• An “h” at the beginning of a word is usually silent. (Example – “hello” -> “ello”)
  • A long “u” has a “y” sound at the beginning, just as the letter “y” sounds in the word “you.” (Example – “stupid” -> (styupid”). Alternatively, the short “u,” like in the word “under,” sounds more like “u” in the word “put.” (Example – “under” -> “oohn-duh”)

Unique “Britishisms” (British Vocabulary)

Speaking with a British accent involves a unique vocabulary. There are dozens of words that only exist in British English, and using them will help your accent sound authentic. Let’s take a look at a few common “Britishisms” to get you started:

  • Bloke – Informal slang for “man.”
  • Cheeky – An adjective describing behavior that is slightly rude, albeit in a humorous or cute way.
  • Cheers – This can be used in a variety of situations, but it is most often used in place of “thank you” or “goodbye.”
  • Fit – An adjective to describe someone who is very attractive.
  • Gutted – An adjective to describe the feeling of extreme disappointment or dissatisfaction.
  • Knackered – The feeling of being completely exhausted.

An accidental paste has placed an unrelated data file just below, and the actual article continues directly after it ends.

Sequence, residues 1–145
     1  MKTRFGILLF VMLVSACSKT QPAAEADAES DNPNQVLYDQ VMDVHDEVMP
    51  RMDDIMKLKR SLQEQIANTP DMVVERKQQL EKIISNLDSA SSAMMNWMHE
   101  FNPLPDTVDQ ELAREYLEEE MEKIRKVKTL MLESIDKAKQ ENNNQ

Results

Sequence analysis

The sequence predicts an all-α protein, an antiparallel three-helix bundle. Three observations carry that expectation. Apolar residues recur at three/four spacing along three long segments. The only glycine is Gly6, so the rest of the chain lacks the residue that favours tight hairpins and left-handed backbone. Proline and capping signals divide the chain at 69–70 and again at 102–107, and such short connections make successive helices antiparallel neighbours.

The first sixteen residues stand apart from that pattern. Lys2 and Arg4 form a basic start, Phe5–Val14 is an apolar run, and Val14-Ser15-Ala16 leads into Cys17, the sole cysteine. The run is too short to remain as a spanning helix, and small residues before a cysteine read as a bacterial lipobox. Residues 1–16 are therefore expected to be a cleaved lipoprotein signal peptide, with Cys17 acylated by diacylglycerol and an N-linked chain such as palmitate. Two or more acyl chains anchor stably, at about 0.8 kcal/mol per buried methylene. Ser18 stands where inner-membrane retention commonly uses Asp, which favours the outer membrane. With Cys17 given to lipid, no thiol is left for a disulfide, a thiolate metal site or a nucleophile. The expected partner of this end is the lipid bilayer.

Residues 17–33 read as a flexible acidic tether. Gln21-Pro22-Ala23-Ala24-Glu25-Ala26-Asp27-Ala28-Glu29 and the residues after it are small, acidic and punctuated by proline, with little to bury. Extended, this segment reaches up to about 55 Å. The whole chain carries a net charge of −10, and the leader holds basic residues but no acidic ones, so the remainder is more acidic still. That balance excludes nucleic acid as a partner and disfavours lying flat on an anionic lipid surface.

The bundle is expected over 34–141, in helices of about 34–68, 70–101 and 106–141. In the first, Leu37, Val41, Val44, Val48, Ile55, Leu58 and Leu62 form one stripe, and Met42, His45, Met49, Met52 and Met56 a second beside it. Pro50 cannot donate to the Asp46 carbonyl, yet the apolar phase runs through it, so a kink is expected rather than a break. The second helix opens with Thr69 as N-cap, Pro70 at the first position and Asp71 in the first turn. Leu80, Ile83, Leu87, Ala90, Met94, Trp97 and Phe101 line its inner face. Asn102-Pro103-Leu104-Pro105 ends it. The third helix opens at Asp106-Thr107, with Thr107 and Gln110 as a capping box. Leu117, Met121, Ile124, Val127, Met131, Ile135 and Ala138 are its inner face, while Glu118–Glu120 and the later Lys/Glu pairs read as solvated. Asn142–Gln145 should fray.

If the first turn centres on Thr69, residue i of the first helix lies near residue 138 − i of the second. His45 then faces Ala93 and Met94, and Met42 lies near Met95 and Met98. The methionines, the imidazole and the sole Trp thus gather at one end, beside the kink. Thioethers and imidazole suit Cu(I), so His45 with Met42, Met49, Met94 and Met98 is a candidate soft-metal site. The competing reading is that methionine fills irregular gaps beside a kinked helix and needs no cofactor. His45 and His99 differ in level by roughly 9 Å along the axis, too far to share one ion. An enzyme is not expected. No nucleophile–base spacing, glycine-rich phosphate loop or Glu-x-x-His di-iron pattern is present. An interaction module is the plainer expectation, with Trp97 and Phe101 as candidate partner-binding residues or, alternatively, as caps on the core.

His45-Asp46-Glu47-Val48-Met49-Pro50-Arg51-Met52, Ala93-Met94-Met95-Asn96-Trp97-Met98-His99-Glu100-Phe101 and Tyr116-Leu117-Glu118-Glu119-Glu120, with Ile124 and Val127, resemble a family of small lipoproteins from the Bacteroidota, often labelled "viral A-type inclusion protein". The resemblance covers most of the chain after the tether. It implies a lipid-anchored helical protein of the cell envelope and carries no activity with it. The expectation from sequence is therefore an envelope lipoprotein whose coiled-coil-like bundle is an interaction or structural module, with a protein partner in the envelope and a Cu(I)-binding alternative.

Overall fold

• Lad – A boy or young man.
  • Mate – A friend. It can also be an informal way to address strangers.
  • Rubbish – In its literal meaning, “rubbish” refers to garbage, but it can also be used to describe something that is ridiculous, bad, or untrue.
  • Cuppa – This word is short for “a cup of tea.”

British Accent Resources

While the pronunciation rules and vocabulary above will help get your British accent up and running, you will also need to listen to actual British people speaking. This is one of the best ways to pick up on the subtle nuances of the British accent. Thankfully, there are dozens of Youtube videos and channels with hosts and guests who speak with standard British accents.

Here are a few of the best ones:

If you’re still in need of more British accent resources, check out some of our Listening Resources for British English!

Matthew Jones

Matthew Jones

Matthew Jones is a freelance writer with a B.A. in Film and Philosophy from the University of Georgia. It was during his time in school that he published his first written work. After serving as a casting director in the Atlanta film industry for two years, Matthew acquired TEFL certification and began teaching English abroad. In 2017, Matthew started writing for dozens of different brands across various industries. During this time, Matthew also built an online following through his film blog. If you’d like to learn more about Matthew, you can connect with him on Twitter and LinkedIn!
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4 Responses

    1. Sorry you feel that way Eleanor. It was not obvious to me what was wrong. Would you enlighten us how you would help students sound more British?

  1. I think it is great! How many voice actors are there? I am not upset that Hugh Laurie or Freddie High more do an ” American accent “. They do a smashing job.😄